The Great War

No one is really sure what motivated the hand that fired the gun that started the first world war in 1914. The bullets, for sure, found their targets in June of that year in Sarajevo when Archduke Franz Ferdinand, heir to the throne of the Austro-Hungarian Empire, along with his wife, Sophie, were assassinated. The events leading up to this action, however, began years before around 1871 (according to a timeline found on the PBS web site). Changes in the ruling centers of countries like Germany, Russia, and Great Britain seemed to trip a line of political dominoes that started falling into place from this point in the late 1800s to the firing of that gun in 1914. Europe seemed unsettled; the relationships between dominant countries seemed tenuous. Surely the atmosphere that hinted of the war to come was felt everywhere as the world entered its new century.

For the students at the University of Detroit, however, the new century offered the sweetness of promise and success. Those halcyon days filled with sports, poetry, and philosophic debate they spent earning their degrees felt ripe with the potential of more of the same after graduation. The Tamaracks published during the early part of the 20th century evidence the spirit of the times, the steady carriage ride into a future full of new inventions, discoveries, and continual optimism. There was no cloud on that horizon; no thought of world war. What could possibly go wrong?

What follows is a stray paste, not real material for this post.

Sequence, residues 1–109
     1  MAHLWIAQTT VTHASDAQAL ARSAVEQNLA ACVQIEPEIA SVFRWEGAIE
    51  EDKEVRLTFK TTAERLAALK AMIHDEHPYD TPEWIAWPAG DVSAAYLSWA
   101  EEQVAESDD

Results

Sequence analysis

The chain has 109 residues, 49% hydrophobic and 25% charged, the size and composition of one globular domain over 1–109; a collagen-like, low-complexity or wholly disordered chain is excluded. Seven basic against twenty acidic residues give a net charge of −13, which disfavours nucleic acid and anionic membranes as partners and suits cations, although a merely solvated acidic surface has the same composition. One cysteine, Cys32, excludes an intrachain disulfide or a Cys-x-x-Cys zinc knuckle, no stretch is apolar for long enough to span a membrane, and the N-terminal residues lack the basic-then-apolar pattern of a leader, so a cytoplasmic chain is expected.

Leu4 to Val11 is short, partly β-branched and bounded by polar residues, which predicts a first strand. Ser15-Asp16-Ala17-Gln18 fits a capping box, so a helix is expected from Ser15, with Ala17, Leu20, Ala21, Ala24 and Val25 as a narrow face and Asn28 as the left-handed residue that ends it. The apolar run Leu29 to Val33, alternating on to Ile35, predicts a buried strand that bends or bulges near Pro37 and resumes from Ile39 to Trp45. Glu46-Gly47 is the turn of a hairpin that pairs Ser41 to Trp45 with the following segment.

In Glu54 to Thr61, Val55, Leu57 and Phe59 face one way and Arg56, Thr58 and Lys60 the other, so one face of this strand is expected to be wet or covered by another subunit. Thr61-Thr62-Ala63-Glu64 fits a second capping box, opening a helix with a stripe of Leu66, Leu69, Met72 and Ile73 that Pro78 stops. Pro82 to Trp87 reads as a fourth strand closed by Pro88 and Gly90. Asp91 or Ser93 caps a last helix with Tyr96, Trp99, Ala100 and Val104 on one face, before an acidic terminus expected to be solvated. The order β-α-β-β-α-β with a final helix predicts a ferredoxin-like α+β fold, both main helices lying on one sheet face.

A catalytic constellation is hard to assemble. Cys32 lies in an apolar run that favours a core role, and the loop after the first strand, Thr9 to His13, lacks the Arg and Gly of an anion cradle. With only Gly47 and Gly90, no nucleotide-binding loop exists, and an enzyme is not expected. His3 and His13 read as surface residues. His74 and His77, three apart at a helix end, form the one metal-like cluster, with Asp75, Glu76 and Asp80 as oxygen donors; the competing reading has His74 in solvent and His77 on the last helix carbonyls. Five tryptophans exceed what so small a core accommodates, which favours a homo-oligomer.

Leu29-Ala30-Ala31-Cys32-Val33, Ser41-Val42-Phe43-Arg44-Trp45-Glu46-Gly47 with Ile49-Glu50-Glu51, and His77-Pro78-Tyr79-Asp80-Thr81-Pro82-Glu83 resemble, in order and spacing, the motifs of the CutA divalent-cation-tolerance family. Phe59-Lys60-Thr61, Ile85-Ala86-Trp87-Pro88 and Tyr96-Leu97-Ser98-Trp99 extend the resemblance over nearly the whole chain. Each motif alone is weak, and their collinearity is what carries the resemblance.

Yet on the other side of the world, the possessor of the hand that would pull the trigger on the gun that fired that first fateful shot, was growing from child to man into his place in the history of the world.  (Gavrilo Princip was 19 when he killed the royal couple.) As the trauma in these countries circled into expression, it only took one hand to ignite the firestorm of the Great War.  Many of the hopeful students who wrote of sports and the magic of upcoming advances in technology, would soon be gaining an education in the struggles of mankind’s desire for power.

After the assassinations, Emperor Franz Joseph of Austria-Hungary declared war on Serbia on July 28, 1914.

For an interesting perspective on history, read the Tamarack journals published during the years before World War I with the events taking place in Europe during this period in mind.


Tamarack, April, 1914